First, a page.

1970, the Grateful Dead are partying after the show at Bill’s house. Garcia and Weir and Lesh are sitting there with their acoustic guitars and singing and playing away, and everybody’s having just a jolly good time, as you can imagine, partying with the Grateful Dead.
The song ended. A pause. “That’ll Be the Day?” I boldly suggest.
“Yeah!” they all agree.
“But I don’t know the words,” says Jerry.
“Neither do I,” says Bob.
“Neither do I,” says Phil.
“I know the words,” says Jeff.
Here’s a whole SoTW about those two minutes and forty-two glorious seconds when I sang Buddy Holly with The Grateful Dead backing me. It’s all been downhill since then. I’m not saying that you’ll get to sing lead with The Dead if you learn all the words to ‘That’ll Be the Day’ by heart, but for me it was Revenge of The Music Nerd.
So why does the saga of Decapede begin with Sam Miller singing Buddy Holly’s “Peggy Sue”, alone on his acoustic guitar? Whether it was some Duane/Dwayne Story/Storey actually singing the song all those years ago in Cocoanut Grove, or whether it’s an imaginary relic from the attics of my mind—for me it represents some kind of core honesty that I tried to embody in Sam Miller.
“I play Buddy Holly every night before going onstage. It keeps me honest,” said Bruce Springsteen. Note that also The Boss refrained from defining that elusive ‘IT’.
Sam also sings ‘True Love Ways’, alone on his acoustic guitar. “A girl could get pregnant just listening to that,” says the New Waitress. One of the characters is living in Mason City, Iowa, and an event crucial to the story takes place there. Buddy Holly is all over “The Greatest Band That Never Was”. It wasn’t planned. I guess it’s because Buddy Holly is all over me.
Don McLean coined the phrase ‘The Day the Music Died’ in ‘American Pie’, his tribute to the tragic crash of that Beechcraft Bonanza in a snow-covered field near Mason City that fateful February night in 1959. He, too, was referring to that feeling of lost innocence. Analog recordings are more ‘honest’, aren’t they?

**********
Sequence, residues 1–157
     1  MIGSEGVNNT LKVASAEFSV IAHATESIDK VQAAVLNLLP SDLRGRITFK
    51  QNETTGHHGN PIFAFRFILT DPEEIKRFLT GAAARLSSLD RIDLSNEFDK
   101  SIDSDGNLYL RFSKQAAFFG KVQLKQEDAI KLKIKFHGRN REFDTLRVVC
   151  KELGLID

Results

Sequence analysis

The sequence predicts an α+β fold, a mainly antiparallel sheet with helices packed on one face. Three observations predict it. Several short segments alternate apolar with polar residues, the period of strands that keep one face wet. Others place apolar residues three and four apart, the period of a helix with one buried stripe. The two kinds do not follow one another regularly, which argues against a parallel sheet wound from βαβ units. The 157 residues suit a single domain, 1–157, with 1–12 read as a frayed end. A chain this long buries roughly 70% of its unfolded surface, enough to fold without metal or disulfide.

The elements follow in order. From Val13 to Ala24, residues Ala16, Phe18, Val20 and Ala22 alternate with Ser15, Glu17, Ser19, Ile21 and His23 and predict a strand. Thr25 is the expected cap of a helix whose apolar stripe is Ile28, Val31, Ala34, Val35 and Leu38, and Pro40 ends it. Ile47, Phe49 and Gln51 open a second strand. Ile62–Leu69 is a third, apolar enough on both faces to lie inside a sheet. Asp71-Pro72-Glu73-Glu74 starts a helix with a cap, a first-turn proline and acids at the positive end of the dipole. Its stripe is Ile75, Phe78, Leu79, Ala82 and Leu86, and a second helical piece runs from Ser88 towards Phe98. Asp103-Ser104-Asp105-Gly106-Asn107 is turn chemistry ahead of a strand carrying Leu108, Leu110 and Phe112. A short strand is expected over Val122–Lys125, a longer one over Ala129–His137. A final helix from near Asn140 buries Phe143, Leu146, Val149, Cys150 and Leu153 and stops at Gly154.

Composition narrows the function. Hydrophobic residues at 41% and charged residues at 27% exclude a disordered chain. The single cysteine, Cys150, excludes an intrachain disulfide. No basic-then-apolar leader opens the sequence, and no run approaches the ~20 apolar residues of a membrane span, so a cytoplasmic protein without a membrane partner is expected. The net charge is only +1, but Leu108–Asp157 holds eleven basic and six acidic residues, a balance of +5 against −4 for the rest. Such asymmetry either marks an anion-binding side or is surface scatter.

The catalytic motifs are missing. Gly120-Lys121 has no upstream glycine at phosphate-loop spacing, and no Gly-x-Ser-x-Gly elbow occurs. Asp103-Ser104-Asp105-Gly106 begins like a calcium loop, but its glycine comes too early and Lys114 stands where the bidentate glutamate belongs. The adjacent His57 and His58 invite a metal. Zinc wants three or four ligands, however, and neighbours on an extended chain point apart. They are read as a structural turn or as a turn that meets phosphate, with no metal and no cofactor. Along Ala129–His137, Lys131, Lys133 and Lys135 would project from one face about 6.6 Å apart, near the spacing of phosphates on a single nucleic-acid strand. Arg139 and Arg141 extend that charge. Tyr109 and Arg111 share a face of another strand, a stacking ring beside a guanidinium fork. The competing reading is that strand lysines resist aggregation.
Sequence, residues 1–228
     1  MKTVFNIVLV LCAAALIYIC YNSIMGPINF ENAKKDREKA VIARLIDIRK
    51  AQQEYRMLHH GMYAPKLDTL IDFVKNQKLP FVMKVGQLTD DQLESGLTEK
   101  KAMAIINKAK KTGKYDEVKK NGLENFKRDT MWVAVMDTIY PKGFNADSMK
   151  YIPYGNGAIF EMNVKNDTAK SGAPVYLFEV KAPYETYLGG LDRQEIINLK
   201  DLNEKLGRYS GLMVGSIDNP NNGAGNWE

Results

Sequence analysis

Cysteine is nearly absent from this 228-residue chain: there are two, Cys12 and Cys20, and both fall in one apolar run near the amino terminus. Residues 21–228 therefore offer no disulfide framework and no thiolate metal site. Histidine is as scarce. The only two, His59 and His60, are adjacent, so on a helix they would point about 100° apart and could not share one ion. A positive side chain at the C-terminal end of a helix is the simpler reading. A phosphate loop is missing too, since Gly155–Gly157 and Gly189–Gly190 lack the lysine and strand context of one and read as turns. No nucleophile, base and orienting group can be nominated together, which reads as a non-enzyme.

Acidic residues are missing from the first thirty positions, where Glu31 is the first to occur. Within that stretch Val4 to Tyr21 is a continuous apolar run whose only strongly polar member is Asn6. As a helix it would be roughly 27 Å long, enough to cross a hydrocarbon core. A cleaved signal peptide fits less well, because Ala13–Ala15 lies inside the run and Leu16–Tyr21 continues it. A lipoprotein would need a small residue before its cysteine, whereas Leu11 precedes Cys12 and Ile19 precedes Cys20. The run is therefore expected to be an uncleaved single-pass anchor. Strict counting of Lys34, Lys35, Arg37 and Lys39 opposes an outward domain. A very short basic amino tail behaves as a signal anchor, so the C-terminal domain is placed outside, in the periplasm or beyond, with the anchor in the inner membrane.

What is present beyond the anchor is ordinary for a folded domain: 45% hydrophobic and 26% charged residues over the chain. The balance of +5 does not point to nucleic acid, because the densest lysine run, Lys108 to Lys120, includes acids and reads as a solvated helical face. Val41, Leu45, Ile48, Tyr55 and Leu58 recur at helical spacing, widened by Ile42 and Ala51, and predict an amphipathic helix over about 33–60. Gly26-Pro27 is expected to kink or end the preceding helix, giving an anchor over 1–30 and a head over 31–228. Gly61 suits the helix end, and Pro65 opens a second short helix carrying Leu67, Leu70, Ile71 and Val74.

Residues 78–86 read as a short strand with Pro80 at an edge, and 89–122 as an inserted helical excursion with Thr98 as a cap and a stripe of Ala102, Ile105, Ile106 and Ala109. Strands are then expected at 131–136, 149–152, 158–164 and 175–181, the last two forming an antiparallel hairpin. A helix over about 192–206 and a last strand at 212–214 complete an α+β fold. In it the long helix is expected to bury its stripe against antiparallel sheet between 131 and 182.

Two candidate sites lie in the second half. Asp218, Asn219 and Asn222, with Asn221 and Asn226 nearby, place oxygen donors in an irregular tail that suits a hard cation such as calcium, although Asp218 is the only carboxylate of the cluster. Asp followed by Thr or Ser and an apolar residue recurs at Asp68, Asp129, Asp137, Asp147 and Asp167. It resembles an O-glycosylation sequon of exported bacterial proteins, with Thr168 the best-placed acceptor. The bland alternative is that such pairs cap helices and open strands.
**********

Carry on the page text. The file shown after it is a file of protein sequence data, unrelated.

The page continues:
It’s that ‘core honesty’, that straightforward, unadulterated “IT” that Buddy Holly seems to embody, that I wanted to imbue the character of Sam with. And ‘Peggy Sue’ is of course the core of Buddy Holly.
Way back in SoTW 002 I wrote about Buddy Holly’s Apartment Tapes, 6 songs he recorded a month before his death, alone on his acoustic guitar. Listen to ‘Learning the Game’ or ‘That Makes It Tough’ or even ‘Peggy Sue Got Married’. That’s honest music, man.
There’s no surviving recording of Buddy Holly singing ‘Peggy Sue’ alone on an acoustic guitar. We do have Paul McCartney singing it with Ron Wood, explaining in detail how much he and John copied from it. And we have George Harrison and Bob Dylan, albeit fooling around with it electrically. Check out Graham Nash (formerly of The Hollies), choking from emotion as he plays ‘Peggy Sue’, alone on Buddy Holly’s acoustic guitar.
My favorite version? Hands down, Sam Miller and Decapede.
Heard melodies are sweet, but those unheard
Are sweeter; therefore, ye soft pipes, play on;
Not to the sensual ear, but, more endear’d,
Pipe to the spirit ditties of no tone.